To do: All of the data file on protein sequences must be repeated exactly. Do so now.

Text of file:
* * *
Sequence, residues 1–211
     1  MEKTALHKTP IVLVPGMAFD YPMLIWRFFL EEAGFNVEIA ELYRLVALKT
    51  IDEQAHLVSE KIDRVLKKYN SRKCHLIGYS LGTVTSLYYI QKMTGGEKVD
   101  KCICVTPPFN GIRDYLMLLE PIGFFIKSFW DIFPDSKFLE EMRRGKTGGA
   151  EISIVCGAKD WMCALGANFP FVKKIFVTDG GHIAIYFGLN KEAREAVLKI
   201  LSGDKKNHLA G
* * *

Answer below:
Sequence, residues 1–211
     1  MEKTALHKTP IVLVPGMAFD YPMLIWRFFL EEAGFNVEIA ELYRLVALKT
    51  IDEQAHLVSE KIDRVLKKYN SRKCHLIGYS LGTVTSLYYI QKMTGGEKVD
   101  KCICVTPPFN GIRDYLMLLE PIGFFIKSFW DIFPDSKFLE EMRRGKTGGA
   151  EISIVCGAKD WMCALGANFP FVKKIFVTDG GHIAIYFGLN KEAREAVLKI
   201  LSGDKKNHLA G